And he gladly accepted. 88 years old and still working so hard. Mr. Kostas probably does not know what life without work is. He probably would not know what to do with himself. He has been with the goats since he was 12. He married. He has three daughters. The car that his son left behind he cannot drive, never learned to. We saw it outside his house when we dropped him off.

But he is a hero for me and my husband. I feel humbled that I know him a little. Just the way he is. A no nonsense guy. Work needs to be done. People need milk and meat. I provide it he says.

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Today I visited the workshop of Pandelis and Constantinos Kyriakis. I was invited by Pandelis’s wife Barbara whom I know from the days I worked in tourism.
Pandelis left the elementary school at the end of the 70’s and started working for the carpenter and wood carver Skopelitan Jannis Kritsilis. After a couple of years Pandelis left Skopelos and lived in Athens. When he returned to Skopelos he worked as a carpenter and woodcarver but also as a fisherman.
The last couple of years he has focused on woodcarving mainly and his son Constantinos joined him last year.

A lot of woodcarving are based on drawings. Pandelis has quite a few and some are over 40 years old. He inherited most of them from Mr. Kritsilis.

At the moment Pandelis and Constantantinos are working on a church iconostasis. A framework of wood meant for icons and elaborate woodwork in a church.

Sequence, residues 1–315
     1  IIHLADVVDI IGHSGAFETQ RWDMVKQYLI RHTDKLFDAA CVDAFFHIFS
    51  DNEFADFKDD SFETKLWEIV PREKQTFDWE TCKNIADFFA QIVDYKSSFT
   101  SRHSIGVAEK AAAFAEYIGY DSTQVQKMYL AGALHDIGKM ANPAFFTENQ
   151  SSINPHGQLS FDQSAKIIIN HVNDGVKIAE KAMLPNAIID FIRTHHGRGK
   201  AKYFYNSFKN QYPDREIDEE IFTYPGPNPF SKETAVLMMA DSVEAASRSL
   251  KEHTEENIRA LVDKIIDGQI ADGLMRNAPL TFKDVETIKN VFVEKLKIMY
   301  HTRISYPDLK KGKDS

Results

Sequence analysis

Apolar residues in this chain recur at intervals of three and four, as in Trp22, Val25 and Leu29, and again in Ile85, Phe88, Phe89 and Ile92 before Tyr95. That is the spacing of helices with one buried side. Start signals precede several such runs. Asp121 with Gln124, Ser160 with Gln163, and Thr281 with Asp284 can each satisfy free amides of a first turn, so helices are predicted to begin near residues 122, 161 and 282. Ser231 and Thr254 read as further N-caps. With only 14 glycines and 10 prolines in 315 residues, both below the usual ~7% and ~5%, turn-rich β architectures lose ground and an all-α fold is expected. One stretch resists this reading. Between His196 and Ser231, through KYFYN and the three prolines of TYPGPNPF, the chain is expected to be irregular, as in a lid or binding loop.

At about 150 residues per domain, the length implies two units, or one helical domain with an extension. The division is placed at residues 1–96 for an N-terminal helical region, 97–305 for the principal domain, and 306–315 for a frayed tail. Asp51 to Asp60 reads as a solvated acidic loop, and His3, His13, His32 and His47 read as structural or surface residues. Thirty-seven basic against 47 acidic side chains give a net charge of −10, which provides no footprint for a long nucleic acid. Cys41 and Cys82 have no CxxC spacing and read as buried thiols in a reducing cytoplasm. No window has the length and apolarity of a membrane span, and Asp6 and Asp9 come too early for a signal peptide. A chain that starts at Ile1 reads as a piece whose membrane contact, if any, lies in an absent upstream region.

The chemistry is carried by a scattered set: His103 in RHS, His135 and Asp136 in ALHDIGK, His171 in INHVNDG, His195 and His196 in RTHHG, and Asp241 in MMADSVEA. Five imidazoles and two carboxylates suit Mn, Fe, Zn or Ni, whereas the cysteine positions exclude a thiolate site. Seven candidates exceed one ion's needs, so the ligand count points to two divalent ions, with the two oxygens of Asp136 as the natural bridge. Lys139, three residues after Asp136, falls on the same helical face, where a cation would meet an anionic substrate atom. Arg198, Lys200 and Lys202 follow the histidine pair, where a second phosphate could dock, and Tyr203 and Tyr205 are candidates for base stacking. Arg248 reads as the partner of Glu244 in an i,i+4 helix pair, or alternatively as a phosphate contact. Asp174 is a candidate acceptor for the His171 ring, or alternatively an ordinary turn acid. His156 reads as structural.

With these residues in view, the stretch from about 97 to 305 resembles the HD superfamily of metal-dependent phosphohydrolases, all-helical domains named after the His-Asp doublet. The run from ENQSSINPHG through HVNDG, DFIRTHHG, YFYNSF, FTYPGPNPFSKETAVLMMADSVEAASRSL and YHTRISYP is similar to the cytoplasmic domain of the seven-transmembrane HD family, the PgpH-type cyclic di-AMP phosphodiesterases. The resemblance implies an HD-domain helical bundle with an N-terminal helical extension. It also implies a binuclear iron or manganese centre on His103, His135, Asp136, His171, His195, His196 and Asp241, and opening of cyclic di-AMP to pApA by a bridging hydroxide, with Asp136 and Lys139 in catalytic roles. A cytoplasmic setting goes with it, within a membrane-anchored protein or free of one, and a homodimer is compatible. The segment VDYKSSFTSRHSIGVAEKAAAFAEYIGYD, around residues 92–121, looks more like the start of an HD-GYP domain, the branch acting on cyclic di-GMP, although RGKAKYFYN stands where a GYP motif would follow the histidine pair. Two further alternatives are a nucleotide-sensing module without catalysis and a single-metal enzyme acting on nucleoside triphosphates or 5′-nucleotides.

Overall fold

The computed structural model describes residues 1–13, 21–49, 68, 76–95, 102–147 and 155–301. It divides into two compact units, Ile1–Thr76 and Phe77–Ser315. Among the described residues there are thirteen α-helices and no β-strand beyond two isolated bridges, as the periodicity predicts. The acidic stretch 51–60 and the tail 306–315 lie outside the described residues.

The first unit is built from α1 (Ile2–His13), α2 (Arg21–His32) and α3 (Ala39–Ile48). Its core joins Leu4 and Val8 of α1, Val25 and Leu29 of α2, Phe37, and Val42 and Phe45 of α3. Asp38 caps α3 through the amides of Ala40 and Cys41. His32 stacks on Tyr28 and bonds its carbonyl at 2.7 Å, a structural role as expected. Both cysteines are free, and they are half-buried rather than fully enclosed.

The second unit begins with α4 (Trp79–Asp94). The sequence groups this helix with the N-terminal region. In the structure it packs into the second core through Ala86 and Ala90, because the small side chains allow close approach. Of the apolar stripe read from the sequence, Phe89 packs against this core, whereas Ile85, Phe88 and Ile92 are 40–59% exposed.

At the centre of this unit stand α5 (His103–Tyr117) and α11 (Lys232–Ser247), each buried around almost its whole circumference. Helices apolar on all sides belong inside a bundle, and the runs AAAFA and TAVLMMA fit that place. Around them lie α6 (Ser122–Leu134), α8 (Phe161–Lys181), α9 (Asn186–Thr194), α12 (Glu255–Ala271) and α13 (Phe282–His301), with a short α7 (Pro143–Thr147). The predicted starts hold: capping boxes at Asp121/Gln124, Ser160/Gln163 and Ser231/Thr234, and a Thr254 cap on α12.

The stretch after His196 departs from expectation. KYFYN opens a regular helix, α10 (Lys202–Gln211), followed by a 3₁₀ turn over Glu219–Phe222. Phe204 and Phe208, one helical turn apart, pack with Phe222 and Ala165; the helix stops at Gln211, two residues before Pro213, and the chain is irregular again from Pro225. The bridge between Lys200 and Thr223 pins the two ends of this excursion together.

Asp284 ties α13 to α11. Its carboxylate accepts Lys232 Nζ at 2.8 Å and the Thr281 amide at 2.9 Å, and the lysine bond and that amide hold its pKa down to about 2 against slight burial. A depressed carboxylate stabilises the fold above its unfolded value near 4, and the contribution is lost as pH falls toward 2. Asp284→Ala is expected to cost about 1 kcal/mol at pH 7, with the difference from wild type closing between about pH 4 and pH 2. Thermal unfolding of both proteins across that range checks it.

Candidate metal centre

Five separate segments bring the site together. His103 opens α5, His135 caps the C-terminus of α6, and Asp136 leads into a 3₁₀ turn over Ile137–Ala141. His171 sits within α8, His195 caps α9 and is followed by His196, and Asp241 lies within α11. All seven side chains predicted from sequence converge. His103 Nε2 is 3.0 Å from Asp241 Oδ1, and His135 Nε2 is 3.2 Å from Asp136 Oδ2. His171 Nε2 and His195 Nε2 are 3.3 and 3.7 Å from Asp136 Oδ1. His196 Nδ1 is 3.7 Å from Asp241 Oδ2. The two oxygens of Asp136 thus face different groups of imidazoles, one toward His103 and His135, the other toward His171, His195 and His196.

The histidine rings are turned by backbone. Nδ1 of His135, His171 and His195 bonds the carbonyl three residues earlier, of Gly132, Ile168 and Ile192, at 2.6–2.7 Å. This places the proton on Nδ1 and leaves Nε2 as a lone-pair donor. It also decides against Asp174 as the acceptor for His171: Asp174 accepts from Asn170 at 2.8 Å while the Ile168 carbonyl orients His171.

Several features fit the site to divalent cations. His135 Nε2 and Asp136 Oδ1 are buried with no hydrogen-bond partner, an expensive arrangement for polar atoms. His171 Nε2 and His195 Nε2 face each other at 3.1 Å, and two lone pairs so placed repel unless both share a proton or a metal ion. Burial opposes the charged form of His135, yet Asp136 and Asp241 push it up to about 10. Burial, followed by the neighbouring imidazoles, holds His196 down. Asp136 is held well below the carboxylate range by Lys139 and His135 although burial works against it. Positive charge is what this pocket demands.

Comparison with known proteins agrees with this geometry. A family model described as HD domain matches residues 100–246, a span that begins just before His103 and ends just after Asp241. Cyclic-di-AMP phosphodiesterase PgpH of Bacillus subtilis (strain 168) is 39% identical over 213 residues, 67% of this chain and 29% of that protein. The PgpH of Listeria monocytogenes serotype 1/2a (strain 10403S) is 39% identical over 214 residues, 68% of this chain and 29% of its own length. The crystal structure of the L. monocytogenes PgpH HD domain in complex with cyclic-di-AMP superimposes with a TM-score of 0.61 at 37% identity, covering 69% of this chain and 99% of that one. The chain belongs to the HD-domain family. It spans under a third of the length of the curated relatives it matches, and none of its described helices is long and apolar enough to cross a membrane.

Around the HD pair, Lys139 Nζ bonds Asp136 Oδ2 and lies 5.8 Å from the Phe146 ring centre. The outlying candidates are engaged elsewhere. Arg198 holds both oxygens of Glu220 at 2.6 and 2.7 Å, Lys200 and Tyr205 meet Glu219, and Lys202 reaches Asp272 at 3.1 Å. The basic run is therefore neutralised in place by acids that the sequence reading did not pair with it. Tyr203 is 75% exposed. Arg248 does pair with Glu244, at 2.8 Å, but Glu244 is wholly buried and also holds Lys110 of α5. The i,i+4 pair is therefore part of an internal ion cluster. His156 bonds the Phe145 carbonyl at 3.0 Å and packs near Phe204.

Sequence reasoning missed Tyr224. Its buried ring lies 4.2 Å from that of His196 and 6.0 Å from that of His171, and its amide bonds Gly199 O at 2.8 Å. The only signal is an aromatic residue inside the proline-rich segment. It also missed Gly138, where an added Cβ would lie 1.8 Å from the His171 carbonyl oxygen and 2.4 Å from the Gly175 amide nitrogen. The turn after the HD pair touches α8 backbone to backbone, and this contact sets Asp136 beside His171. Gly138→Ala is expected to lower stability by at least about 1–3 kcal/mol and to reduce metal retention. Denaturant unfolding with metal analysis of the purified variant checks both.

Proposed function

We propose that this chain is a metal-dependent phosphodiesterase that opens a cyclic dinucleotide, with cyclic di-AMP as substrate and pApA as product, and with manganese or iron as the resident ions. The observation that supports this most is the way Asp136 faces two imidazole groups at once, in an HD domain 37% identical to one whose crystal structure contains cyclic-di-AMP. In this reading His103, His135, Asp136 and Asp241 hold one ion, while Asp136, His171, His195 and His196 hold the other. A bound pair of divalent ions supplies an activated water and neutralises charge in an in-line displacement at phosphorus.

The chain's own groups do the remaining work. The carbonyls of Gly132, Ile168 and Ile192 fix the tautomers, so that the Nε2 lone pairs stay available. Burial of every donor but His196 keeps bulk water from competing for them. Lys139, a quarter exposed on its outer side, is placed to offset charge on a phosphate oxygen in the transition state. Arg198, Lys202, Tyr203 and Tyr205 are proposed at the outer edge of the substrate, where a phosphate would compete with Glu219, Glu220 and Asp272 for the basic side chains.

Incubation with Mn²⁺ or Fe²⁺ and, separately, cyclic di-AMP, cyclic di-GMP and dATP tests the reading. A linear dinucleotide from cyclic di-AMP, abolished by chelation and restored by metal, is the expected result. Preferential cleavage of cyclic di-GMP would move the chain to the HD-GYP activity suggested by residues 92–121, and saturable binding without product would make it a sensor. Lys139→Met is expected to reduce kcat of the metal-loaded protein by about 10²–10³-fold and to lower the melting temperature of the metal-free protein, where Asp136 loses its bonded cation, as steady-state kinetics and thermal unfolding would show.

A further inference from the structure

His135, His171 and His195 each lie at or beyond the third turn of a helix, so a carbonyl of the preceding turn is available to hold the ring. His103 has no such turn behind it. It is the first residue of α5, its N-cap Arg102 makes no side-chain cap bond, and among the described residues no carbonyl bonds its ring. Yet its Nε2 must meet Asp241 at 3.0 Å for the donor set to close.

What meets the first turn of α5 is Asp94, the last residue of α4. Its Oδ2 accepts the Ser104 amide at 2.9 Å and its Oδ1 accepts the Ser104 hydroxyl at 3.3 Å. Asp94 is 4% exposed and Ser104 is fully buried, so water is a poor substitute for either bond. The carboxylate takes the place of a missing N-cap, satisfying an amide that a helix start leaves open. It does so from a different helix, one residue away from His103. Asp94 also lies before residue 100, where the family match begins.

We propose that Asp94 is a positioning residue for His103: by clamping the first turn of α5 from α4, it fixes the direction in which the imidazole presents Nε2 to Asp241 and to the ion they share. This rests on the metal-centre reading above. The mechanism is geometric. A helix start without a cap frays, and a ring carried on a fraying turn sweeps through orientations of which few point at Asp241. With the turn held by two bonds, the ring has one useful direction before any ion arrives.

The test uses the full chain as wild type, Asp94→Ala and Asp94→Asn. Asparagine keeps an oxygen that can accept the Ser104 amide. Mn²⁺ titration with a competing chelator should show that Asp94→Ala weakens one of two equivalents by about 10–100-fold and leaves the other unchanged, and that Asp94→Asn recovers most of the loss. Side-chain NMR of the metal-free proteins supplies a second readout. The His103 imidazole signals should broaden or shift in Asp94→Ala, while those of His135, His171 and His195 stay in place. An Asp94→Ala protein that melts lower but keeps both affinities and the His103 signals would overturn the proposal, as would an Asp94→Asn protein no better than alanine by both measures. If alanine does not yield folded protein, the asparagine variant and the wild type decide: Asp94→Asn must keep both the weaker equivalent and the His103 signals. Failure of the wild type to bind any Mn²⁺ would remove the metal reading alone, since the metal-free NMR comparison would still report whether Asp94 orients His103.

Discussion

Here you see the frame, the woodcarvings that will go on the lowest part of the frame and the doors. Pandelis and Constantinos are discussing what goes where and how.

Other things that they make are chandeliers, head boards for beds and chests.
I like the carvings of mermaids, sea horses and octopuses on the chest!

It is wonderful to see that a trade like woodcarving is not lost on Skopelos and that the younger generation continues in the footsteps of their parents. Pandelis his Facebook page is here: If you are interested to visit their workplace let me know.

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For K.


(View over the Karya area towards Glysteri beach, September 2020)

Recently I have dedicated some of my posts to people who love Skopelos and have been here, like Anna. There are more people who cannot be here for one or another reason.It is not only because of the Corona virus. Other things happen suddenly in our and their lives too. Todays post and this song is for K. She is unable to spend time on her favorite island and she misses Skopelos very much. I want to wish her well and hope she and her family can come back soon.


(Love is I think and on the day of love” sung by Jannis parios and his son Harris)

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(photo received from his daughter Keri)

The forty days of the soul begin on the morning after death. That first night, before its forty days begin, the soul lies still against sweated-on pillows and watches the living fold the hands and close the eyes, choke the room with smoke and silence to keep the new soul from the doors and the windows and the cracks in the floor so that it does not run out of the house like a river.

The living know that, at daybreak, the soul will leave them and make its way to the places of its past — the schools and dormitories of its youth, army barracks and tenements, houses razed to the ground and rebuilt, places that recall love and guilt, difficulties and unbridled happiness, optimism and ecstasy, memories of grace meaningless to anyone else — and sometimes this journey will carry it so far for so long that it will forget to come back.

For this reason, the living bring their own rituals to a standstill: to welcome the newly loosed spirit, the living will not clean, will not wash or tidy, will not remove the soul’s belongings for forty days, hoping that sentiment and longing will bring it home again, encourage it to return with a message, with a sign, or with forgiveness.
(The tiger’s wife by Tea Obreht)